Emory Report
May 1, 2006
Volume 58, Number 29


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May 1 , 2006
Punk-rocking Zen teacher relates winding path from Ohio to dharma

BY michael terrazas

To the uninformed, Godzilla, Zen masters and the thrashing chords of punk rock may not have much in common, but Brad Warner brought all three together April 26 in White Hall with an informal lecture about his book, Hardcore Zen: Punk Rock, Monster Movies and the Truth About Reality.

In an appearance sponsored by the Department of Religion and the Atlanta Soto Zen Center, Warner outlined his circuitous personal history from growing up a young misfit playing bass guitar for punk bands in Akron, Ohio, to first learning about Zen as a student at Kent State University, to teaching English in Japan and going to work for the company that brought the world Godzilla and Ultraman, to receiving “dharma transmission” and becoming a Zen master under the instruction of Gudo Nishijima in Tokyo.

“When you become a Zen teacher, they give you three things: a set of bowls, which are supposed to symbolize the bowls Buddha ate from, a robe and a stick, which is supposed to be like the fly whisk Buddha carried,” said Warner, dressed casually and talking to his audience as if they were friends gathered around a living room. “I couldn’t figure out what the stick was for, and now I know—it’s so when I talk to you I’d have something to wave around.”

A friendly and unassuming presence, Warner admitted up front he had no secrets of “enlightenment” to share and even that he viewed the term itself as highly suspect. “The goal of this talk is to convey an attitude,” he said, and then began telling his own story.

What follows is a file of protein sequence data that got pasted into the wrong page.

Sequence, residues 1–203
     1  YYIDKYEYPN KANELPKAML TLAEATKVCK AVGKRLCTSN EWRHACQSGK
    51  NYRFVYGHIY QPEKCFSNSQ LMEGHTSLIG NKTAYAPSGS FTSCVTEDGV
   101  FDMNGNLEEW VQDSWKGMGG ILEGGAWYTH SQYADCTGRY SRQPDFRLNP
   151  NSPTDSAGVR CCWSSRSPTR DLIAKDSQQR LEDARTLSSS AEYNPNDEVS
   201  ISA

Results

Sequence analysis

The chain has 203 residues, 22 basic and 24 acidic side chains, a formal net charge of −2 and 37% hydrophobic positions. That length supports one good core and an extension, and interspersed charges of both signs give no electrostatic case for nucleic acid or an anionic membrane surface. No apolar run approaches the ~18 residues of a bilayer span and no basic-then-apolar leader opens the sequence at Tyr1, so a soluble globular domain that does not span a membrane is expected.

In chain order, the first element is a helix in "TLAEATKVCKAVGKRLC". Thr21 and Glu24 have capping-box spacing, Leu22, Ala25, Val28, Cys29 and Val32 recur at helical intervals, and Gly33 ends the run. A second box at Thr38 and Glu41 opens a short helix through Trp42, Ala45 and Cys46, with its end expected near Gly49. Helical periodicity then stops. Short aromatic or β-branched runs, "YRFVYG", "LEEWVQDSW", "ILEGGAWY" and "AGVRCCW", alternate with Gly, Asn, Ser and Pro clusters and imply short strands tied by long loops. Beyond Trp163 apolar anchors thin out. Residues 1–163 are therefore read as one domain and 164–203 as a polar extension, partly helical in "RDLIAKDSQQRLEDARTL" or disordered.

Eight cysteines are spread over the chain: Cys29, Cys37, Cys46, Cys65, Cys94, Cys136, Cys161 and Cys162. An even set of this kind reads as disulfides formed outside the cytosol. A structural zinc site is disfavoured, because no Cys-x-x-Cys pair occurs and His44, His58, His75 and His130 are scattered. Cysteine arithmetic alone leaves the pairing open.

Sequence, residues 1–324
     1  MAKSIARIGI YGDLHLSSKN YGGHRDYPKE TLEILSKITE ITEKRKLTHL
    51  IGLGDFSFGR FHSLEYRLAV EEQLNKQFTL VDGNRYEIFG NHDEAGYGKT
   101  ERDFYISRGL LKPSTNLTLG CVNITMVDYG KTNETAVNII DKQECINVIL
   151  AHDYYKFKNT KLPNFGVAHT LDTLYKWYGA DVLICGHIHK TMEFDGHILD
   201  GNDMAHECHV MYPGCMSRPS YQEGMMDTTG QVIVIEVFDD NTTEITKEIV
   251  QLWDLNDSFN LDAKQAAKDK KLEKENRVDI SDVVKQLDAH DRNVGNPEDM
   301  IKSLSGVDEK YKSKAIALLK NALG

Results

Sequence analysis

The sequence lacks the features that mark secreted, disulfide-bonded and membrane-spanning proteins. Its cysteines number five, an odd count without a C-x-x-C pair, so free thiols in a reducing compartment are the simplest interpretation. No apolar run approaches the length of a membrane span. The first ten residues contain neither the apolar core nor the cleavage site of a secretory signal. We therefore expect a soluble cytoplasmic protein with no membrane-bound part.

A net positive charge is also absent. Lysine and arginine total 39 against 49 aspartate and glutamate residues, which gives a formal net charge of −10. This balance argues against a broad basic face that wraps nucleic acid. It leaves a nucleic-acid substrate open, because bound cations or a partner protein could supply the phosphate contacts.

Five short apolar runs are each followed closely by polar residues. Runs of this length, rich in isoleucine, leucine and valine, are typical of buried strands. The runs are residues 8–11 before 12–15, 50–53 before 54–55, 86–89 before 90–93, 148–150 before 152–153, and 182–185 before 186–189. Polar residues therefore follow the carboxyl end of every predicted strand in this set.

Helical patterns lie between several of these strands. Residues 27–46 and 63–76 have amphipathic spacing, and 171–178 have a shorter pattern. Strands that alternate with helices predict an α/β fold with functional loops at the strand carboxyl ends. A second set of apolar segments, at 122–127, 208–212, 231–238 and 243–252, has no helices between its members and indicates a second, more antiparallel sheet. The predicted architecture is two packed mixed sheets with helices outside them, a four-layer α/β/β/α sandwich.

After spending three years of grade school in Nairobi, Kenya, where his father had been transferred as a chemist for Firestone Tires, Warner returned to his home state of Ohio “doomed to be an outsider,” he said. He became attracted to rock music, and his parents bought him a guitar, but he was left quite unimpressed by what was on the radio in the late 1970s.

Then he turned on Saturday Night Live one night, and on stage was a band from nearby Akron called “Devo.”
“Rock music lives,” said Warner of his reaction, and soon he began playing bass in a garage punk band called Zero Defex. Later on in college at Kent State, he formed his own band, Dimentia 13, which released five albums on the Midnight Records label.

At the same time, he was studying Zen under a teacher named Tim McCarthy from northern Ohio (whose studio, Kent Zendo, had as its tagline, “We’re the smallest,” Warner said).

After life in Dimentia 13 started to go south, Warner traveled to Japan to teach English in the remote western town of Toyama. Later moving to Tokyo, Warner pursued one of his other lifelong passions (monster movies) when he went to work for Tsuburaya Productions, which invented the characters Godzilla and Ultraman. Warner still works for the company in Los Angeles.

While in Tokyo, Warner began studying under Gudo Wafu Nishijima, whom Warner admitted he did not like at first. “I hated him,” Warner said. “But something in his way was interesting and compelling.”

Eventually Warner become one of Nishijima’s favored pupils, and one day the old master informed the young student that he would like to give him Dharma transmission, which would make Warner a Zen master himself. Later on, both Nishijima and McCarthy would urge Warner to write down his interesting path to Zen in book form.

The following is a quote from Hardcore Zen:

“People have taken exception to my equating a noble tradition like Zen Buddhism with a scrappy upstart thing like punk rock. Zen Buddhism is ancient and venerable. Punk is trash. But punk is a cultural movement that was made possible only because of an increased understanding of reality that emerged in the 20th century, the so-called postmodern worldview. The punks understood that all social institutions and socially approved codes of dress and behavior were a sham.

“This is one of the first steps to true understanding. Questioning society’s values is a great and important thing to do. But that’s easy compared to questioning your own values. Questioning your own values means really questioning yourself, really looking at who and what you believe and who you are. Who are you? That’s where Buddhism comes into the picture. Stay tuned.”

To learn more about Warner, visit www.hardcorezen.blogspot.com.